The previous part of my new Spring MVC Test tutorial taught us that we should configure the system under test by using the standalone configuration when we are writing unit tests for Spring MVC controllers. In this blog post, we will put theory into
I just published a free sample lesson of my Test With Spring course. After we have finished this lesson, we: Understand how we can remove duplicate code from our test suite. Can configure the system under test by using the standalone configuration
Before we can write unit tests for Spring MVC controllers, we have to configure the system under test (aka the Spring MVC Test framework). Unfortunately, before we can write the code that configures the Spring MVC Test framework, we have to be able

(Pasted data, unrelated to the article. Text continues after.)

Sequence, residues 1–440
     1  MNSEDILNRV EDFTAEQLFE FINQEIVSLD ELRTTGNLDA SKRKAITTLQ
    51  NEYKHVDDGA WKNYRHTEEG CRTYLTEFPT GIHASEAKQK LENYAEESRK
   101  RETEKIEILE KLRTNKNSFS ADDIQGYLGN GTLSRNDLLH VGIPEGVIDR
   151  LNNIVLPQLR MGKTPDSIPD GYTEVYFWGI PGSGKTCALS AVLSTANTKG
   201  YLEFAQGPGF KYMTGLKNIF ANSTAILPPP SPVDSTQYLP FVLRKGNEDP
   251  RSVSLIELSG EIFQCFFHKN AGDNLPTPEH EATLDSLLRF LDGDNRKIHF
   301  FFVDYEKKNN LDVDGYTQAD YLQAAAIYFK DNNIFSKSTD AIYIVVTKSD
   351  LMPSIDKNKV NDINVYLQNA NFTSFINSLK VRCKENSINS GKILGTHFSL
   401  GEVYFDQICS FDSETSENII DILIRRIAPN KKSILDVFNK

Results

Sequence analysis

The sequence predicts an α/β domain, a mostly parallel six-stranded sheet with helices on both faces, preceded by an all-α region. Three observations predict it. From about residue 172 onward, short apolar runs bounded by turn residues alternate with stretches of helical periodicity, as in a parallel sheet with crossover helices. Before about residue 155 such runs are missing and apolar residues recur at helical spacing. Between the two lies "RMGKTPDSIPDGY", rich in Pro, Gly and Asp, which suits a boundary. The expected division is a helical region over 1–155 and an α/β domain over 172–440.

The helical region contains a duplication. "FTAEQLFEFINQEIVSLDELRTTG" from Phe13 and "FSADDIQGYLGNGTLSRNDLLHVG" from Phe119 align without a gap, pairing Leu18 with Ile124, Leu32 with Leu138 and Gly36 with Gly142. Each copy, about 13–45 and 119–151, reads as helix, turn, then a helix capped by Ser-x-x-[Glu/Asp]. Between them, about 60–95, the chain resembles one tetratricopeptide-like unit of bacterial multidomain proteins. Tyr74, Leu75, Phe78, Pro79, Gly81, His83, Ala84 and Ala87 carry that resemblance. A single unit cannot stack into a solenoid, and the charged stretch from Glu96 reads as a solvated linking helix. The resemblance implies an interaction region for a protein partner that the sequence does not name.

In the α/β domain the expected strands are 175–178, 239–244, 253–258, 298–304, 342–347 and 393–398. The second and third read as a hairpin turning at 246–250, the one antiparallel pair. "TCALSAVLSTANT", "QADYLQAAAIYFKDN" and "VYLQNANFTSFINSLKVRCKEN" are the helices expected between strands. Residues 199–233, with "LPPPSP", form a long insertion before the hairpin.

I have written quite a bit about the TestProject framework, and my TestProject tutorial provides us the technical skills which we need when we write tests for our web applications. This is a good start, but it’s not enough. Before we can truly
We can remove duplicate code from our TestProject test suite by using web actions. Even though web actions make our life easier, they have a access to the entire DOM, and this can make our test code more complicated than it could be. This blog post
This blog post is the first part of my new Spring MVC Test tutorial. This tutorial helps you to write unit and integration tests for Spring MVC controllers with JUnit 5. However, before we can get to the good stuff, we have to understand the basics.